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AGA 2008: Takashi Amano: His Tanks

November 18th, 2008

Takashi AmanoAfter critiquing the ADA entrant tanks during his presentation at the 2008 Aquatic Gardener’s Association Convention, Takashi Amano proceeded to discuss some tanks of his own. He spent a long time showing the exact progression several of his tanks have gone through from empty tank to finished aquascape. Afterward, he did show a number of pictures of his finished layouts.

He started by showing a picture which was featured on the cover of Tropical Fish Hobbyist and given the title “Amano Magic!” He stated that it they called it magic because to the human eye it’s believable that this could be a natural habitat for those angelfish. He then said that this was incorrect.

Amano Tank

He stated that it’s easy to fool a human eye, but the true test of an aquascape is whether or not the aquascaper has fooled the fish inhabitants that this is a natural environment. This could be discerned by looking at the coloration and interaction of the fish in the tank.

Amano Tank

He showed a number of his tanks, such as my favorite one above, which are truly extraordinary, both in aquascape and photography. He flipped through a number of aquariums, demonstrating different types of aquascapes.

Amano Tank

Some were more heavily planted, with moss covered wood as the focal point. He didn’t spend any time talking about the photography side of his aquarium pictures, but clearly he knows what he’s doing. I’ve read elsewhere that the ripple effect on the water’s surface was created using a hairdryer.

Amano Tank

Amano also described how to create an iwagumi aquarium layout, such as in picture above. This is a more traditional iwagumi scape, utilizing only one or two types of plants, allowing the rocks to be the focal point.

Amano Tank

He also showed that it was possible to create a nice iwagumi with more plants in more of a hybrid way, utililizing background and accent plants. Of course, the rocks are still the primary focus of the scape. Rock positioning and selection either make or break this type of scape.

Amano Aquascape Progression

This final aquascape was one of the ones that he showed from start to finish. As you can kind of see above, he started with a bare tank, and used poster board to keep the Aquasoil and Bright Sand separate. The two substrates were further separated by moss covered stones, and accented by driftwood. The tank is then planted, and allowed to grow in. After a rather harsh trimming, the plants grow back more bushy, and a few months later, you have your final aquascape below.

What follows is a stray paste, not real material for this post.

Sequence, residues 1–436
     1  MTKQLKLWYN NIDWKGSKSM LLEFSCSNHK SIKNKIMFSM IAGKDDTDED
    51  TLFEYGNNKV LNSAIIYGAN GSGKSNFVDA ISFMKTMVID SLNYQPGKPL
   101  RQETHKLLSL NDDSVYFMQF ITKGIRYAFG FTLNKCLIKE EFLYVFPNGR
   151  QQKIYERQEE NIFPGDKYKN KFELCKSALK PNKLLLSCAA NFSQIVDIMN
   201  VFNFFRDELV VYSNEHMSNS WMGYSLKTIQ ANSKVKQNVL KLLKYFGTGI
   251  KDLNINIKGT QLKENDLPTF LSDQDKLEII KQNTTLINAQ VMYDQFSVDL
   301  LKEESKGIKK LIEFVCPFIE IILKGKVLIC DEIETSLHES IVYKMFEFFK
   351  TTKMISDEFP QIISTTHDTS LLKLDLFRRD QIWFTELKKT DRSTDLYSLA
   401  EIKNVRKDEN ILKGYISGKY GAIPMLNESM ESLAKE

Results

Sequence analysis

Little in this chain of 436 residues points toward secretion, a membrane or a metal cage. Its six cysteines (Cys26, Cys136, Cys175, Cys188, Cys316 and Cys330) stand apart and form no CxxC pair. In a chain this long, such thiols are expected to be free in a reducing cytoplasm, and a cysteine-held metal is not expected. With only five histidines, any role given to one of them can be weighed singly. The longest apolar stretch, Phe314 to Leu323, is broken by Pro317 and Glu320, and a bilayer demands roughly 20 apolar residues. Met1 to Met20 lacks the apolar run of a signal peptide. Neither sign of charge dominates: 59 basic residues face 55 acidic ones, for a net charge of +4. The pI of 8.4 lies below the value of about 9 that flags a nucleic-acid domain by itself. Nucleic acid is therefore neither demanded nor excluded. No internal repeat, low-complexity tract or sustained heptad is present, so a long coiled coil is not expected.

Amano Tank

Mr. Amano ended his presentation talking about some non-aquarium-related work that he has been doing, nature photography. As you may know from his beautiful picture-books of the Amazon and Rio Negro, Amano is an expert photographer. He had two of his works displayed at the G8 Summit recently held in Japan with many world leaders.

G8 Summit with Amano Photo in Background

The particular photograph displayed in the background above is of a huge tree in one of Japan’s ancient forests. He then answered a number of questions from convention attendees, and finished his presentation. Overall, it was a very insightful presentation, which some beautiful aquascapes on display.

6 Responses to “AGA 2008: Takashi Amano: His Tanks”

  1. Al Says:

    wow! Mr. Amano himself, truly unbelievable. I wonder how he is able to do so much.

  2. Mark F. Says:

    Despite what I’ve said in my response to the previous posting, there’s no question that Amano’s a master at what he does. I was unaware that he also photographed real ecosystems/landscapes, etc. – are any of these of underwater scenes; of actual rivers, swamps, creeks, etc.?

    There’s so many aquarists emulating terrestrial landscapes (mountains, glaciers, etc.) these days, yet – with the exception of saltwater reef tanks and a few African cichlid tanks – you very seldom see tanks that really look like the bottom of an actual aquatic ecosystem. Even planted tank biotope purists – the ones who only combine plant and fish species that would actually occur together in a pristine regional environment – often achieve a look of artifice, as if an interior decorator stepped into a creek and went to work. It would be nice to have more sources of underwater photography, from plant-rich freshwater environments, for aquascaping inspiration.

    I was never a biotope purist (finances have always forced me to go low-tech), and have nothing against an element of fantasy in aquascaping (after all, ALL aquascaping is really fantasy, when you think about it) – but it would still be nice to have that source of inspiration. As it is, all I have to go on is a small handfull of photos from divergent sources, and my own experience taking a rare, occasional dip in North American and European rivers and reservoirs. (I’m a lousy swimmer!)

    If you (or anybody else out there) can recommend a specific title by Amano – or any other photographer, for that matter – that would be great.

  3. lolly Says:

    That is a really cool that his photography was featured at the G8 summit. That tree photograph above is stunning.

  4. Mark Says:

    Amazing! thanks for sharing. Good notes from the convention.

  5. randy Burks Says:

    Mr. Amano has also had the luxury of growing up in a land where the far reaching traditions of good taste have had influences even into daily life of the ordinary Japanese citizen. It might be interesting to know that the seven artistic principles of Zen Buddhism had an effect centuries ago on even the lowest ranking commoner. Luckily we can also share in that cultural feast for the eyes. We can take those principles and learn from them- and in so doing create our own unique style of aqua-art.

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